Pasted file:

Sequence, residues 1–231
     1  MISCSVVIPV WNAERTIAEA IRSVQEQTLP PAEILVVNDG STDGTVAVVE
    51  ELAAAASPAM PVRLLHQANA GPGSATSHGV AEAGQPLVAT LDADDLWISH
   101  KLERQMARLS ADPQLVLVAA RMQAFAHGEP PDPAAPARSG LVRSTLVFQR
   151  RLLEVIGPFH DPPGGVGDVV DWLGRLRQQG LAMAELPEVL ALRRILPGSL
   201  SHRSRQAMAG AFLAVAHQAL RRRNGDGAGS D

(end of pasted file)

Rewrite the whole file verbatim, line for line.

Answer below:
Sequence, residues 1–231
     1  MISCSVVIPV WNAERTIAEA IRSVQEQTLP PAEILVVNDG STDGTVAVVE
    51  ELAAAASPAM PVRLLHQANA GPGSATSHGV AEAGQPLVAT LDADDLWISH
   101  KLERQMARLS ADPQLVLVAA RMQAFAHGEP PDPAAPARSG LVRSTLVFQR
   151  RLLEVIGPFH DPPGGVGDVV DWLGRLRQQG LAMAELPEVL ALRRILPGSL
   201  SHRSRQAMAG AFLAVAHQAL RRRNGDGAGS D